Q. When did you first start using Skipper’s products? Have you noticed any positive effects on Sally as a result?
Since she was around 2 years old Sally has been attending dog shows to cheer on her showgirl sisters (she's just too large to show herself, she's inside or outside the breed standard depending on the day and who's doing the measuring) and to be the unofficial "meet the breed" for Samoyeds. Dog shows always had some some stalls selling dog gear and treats. Sally would drag me over to the Skippers stall, and after she'd said a waggy hello to everyone and got a few samples of course I'd have to buy her a selection of snack! She's easily pleased as she's yet to meet a dried fishy treat she didn't like (and this is a dog who refuses to eat raw fish). I like the dried skin flatties and the twists as although she's raw fed she gets stubborn plaque on her back teeth and the only way to shift it is with dog toothpaste on a toothbrush, or a few days of giving her a Fish skin chew every night. I prefer the more natural method of a Fish skin chew.
Q. You’ve got a pretty great following on Instagram, and Sally clearly loves having her photo taken. When did you start taking photos of Sally for Instagram and how do you keep inspired to take such creative photos? You live amongst beautiful surroundings up there in Scotland, i’m sure that helps?
Aww thank you. I started putting Sal's photos on Instagram when she was about a year old. I was having to use my Facebook for work and was told it wasn't professional for me to have 100s of dog photos all over my social media. She quickly started to get a following both among dog-lovers and expats who miss Scotland. I try to stay away from the obvious touristy sights (as they are too busy and we get swamped with people trying to pat her and it's hard to just enjoy our walk). I made a conscious decision to show outdoor photos of Sal, as when I started her IG the most popular Samoyed accounts were posting mostly cute indoor photos and I feel that is misrepresenting the breed. Yes, they are cute and cuddly but they are also an active outdoor breed that requires daily exercise. I always take my camera on walks, I've found if you have it with you, you will see the moments that are worthy of a photograph. I think people follow us for the mix of Sally and Scotland. Sally photos get more likes but photos of the landscape get more people messaging to tell me about their connections to Scotland. Through her IG, I've made some good friends all around the world and some have even come to visit us (sometimes with their dogs).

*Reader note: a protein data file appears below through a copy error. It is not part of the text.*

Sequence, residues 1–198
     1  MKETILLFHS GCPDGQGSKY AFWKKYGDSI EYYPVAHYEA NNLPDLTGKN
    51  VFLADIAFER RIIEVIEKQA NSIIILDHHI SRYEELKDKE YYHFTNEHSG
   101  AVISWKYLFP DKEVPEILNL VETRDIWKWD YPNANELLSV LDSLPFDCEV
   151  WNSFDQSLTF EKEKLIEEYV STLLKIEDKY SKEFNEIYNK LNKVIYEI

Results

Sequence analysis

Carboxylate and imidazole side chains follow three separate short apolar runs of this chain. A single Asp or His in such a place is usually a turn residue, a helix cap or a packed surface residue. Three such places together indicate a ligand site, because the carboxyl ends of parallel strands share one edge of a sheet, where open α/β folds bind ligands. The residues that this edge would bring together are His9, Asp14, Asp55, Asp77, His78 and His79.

Q. Lastly, what’s Sally’s favourite Skipper’s treat?
Oh this is a hard one. She loves them all! She's a little predator so I think she'd say the whole fish (Dover Sole, Anchovies and Prawns), or maybe the Squid Strips? I like the Fish Skin Flatties and Twirls as they clean her teeth, and the tiny Fish Shaped Training Treats as they are easy to carry on walks.
Thank you again to the wonderful Claire and Sally! We'll bring you some more Customer Focus blogs in the near future. In the meantime why not check out some of those treats Sally loves so much HERE.
We have a 6 and a half year old Boxer who was a rescue dog. The rescue put an article on their site saying how bad for boxers the usual dental chews are! They recommended fish products as a healthier alternative….which is how we discovered Skippers products. Bella loves her twists and my daughters 2 year old rescue from Romania Lory also loves them. So two happy dogs and owners.
Just read about your Samoyed sally
I have a 5 1/2 year old Samoyed called Rebus
He is just like yours in nearly every detail loves people and thinks everybody should love him
I feed mine on raw food and have used skippers dried fish loves those aswell
I love this breed of dog. I think they are almost human some of the things they do